- Publishers can create different rules for each vendor (or group of vendors), giving them more granular control over the data processing purposes.
- Publishers can choose to remove certain vendors they don’t want to work with.
- Vendors may only accept signals from registered CMPs.
- There are more mechanisms to remove anyone who doesn’t abide by the framework’s guidelines.
Do You Need TCF 2.0?Technically, no. TCF is a tool to help you comply with GDPR’s requirements. It’s an industry attempt at standardization, but it’s not law. It’s just a set of guidelines, so there’s no enforcement or oversight.
That said, you still have to comply with GDPR’s transparency and consent requirements. Compliance without the framework is complex, time consuming, expensive, and risky. So it’s smart to use TCF 2.0.
Thanks to the upgrade, Google has committed to integrating with TCF 2.0. Their participation has incentivized many other organizations to make the switch. In the past, you had to struggle with using different sets of rules to transmit consent signals - one set of rules for IAB Europe and another for Google. This standardization makes life simpler for vendors and publishers who can use the same framework.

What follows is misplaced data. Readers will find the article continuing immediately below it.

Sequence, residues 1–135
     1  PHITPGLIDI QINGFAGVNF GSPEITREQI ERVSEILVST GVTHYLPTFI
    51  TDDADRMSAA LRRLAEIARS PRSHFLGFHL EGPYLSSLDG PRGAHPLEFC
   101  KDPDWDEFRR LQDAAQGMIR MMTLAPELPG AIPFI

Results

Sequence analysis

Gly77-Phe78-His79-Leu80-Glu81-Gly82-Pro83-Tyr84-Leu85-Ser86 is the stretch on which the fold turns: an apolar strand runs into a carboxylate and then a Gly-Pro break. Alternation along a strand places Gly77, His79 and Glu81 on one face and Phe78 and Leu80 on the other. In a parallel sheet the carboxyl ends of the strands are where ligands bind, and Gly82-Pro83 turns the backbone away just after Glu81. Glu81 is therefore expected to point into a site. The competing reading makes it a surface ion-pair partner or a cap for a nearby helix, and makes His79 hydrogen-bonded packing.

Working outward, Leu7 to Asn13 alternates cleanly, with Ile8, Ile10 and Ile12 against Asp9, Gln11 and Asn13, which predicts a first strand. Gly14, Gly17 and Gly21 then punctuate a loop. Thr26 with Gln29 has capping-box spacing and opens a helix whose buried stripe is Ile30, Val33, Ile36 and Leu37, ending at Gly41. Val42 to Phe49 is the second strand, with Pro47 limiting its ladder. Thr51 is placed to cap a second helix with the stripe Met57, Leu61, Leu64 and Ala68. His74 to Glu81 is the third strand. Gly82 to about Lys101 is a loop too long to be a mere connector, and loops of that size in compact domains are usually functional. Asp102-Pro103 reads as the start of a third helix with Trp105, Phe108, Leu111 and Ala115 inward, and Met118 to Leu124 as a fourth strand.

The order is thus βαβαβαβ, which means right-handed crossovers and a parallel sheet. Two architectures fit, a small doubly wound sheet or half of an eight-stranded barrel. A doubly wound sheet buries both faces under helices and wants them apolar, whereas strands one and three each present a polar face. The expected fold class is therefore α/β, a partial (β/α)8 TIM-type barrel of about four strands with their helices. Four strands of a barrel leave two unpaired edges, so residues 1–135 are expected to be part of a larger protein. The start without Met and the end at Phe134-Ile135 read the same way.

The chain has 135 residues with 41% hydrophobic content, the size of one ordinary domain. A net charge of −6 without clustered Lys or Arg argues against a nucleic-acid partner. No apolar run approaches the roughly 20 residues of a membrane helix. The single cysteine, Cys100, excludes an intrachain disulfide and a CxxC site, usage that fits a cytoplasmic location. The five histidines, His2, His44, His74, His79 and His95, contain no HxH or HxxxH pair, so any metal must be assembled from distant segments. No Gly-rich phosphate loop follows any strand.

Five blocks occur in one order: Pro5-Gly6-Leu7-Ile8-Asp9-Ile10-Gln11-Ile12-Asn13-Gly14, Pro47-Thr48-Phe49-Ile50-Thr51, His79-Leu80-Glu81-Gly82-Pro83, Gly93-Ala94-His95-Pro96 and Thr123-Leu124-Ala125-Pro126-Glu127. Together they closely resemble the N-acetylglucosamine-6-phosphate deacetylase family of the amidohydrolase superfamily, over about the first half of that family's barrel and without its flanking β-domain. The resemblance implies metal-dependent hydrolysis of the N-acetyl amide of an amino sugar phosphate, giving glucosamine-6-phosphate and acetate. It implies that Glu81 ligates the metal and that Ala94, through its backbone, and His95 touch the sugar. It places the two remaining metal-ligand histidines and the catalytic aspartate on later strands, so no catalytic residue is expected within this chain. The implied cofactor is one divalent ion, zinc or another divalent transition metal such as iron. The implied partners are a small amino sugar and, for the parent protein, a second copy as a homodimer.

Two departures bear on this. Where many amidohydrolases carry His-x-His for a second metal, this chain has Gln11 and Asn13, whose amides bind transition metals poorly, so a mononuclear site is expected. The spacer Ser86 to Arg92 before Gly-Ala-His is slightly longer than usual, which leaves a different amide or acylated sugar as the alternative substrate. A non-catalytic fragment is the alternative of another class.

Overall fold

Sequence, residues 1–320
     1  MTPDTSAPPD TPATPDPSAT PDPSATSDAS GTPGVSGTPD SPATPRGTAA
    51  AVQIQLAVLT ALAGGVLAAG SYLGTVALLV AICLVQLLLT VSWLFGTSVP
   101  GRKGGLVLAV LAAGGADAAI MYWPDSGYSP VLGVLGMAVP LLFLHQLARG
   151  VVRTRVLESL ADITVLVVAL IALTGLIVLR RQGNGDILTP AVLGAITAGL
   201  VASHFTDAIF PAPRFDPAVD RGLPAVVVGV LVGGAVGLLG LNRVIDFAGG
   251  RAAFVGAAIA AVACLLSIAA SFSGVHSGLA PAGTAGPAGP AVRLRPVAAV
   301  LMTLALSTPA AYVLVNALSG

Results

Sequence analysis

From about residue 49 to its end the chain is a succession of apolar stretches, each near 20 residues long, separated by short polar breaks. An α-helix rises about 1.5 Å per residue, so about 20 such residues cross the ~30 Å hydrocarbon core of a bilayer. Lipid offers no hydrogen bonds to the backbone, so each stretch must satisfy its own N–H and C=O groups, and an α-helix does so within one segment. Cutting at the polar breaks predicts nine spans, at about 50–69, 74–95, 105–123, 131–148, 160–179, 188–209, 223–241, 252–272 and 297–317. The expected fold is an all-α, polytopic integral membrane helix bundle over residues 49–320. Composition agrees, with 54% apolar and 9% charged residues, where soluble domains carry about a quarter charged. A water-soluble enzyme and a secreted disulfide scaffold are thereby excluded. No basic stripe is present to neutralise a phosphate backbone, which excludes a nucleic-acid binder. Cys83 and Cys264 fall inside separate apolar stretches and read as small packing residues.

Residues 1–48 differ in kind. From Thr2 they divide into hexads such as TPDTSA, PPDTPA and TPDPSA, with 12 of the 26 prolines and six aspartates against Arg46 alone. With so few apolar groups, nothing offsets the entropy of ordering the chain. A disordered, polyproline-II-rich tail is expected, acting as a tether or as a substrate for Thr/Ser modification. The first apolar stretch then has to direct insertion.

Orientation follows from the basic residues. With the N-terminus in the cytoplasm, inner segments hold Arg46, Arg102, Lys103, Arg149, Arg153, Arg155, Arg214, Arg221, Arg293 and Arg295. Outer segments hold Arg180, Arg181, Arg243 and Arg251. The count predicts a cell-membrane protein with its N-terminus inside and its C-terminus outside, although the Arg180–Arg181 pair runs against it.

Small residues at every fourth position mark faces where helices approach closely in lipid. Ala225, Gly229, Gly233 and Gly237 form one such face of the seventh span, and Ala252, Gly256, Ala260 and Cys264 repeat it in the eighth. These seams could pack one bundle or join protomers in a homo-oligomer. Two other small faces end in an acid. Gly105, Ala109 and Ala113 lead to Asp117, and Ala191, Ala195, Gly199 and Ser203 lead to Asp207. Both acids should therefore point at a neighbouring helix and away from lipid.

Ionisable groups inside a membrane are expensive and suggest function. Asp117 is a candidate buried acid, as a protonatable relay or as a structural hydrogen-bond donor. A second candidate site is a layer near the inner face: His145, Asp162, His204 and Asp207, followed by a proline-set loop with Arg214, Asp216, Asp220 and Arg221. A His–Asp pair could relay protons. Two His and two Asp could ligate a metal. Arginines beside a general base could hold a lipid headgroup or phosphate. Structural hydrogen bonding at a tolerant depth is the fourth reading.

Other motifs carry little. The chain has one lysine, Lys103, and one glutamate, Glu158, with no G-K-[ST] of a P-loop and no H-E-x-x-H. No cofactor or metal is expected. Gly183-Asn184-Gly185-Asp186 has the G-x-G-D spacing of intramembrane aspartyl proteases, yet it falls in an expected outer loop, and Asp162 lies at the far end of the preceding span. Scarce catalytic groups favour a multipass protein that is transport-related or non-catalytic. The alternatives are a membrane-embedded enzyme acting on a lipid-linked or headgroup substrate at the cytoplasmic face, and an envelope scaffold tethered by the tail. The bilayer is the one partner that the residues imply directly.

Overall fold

What Needs to be Done?If you’re already using TCF 1.0, work with your consent management platform (CMP) to upgrade. TCF 2.0 is not backwards compatible, so the upgrade process will require your input. If you aren’t using TCF 1.0, you’ll need to open a relationship with a CMP that’s registered with the IAB. You could build and maintain your own CMP, but we don’t expect it to be cheap or easy.
Next, work with your vendors to set up implementation. Be careful with the timeline here. Your vendors have to support TCF 2.0, so choose a time that doesn’t inadvertently cut them off from working with you. (The IAB recommends that ad tech companies support both versions for the time being, but publishers should choose one or the other.)
If you want to implement TCF 2.0 to better serve your users and comply with GDPR - and you should - get started with Osano now.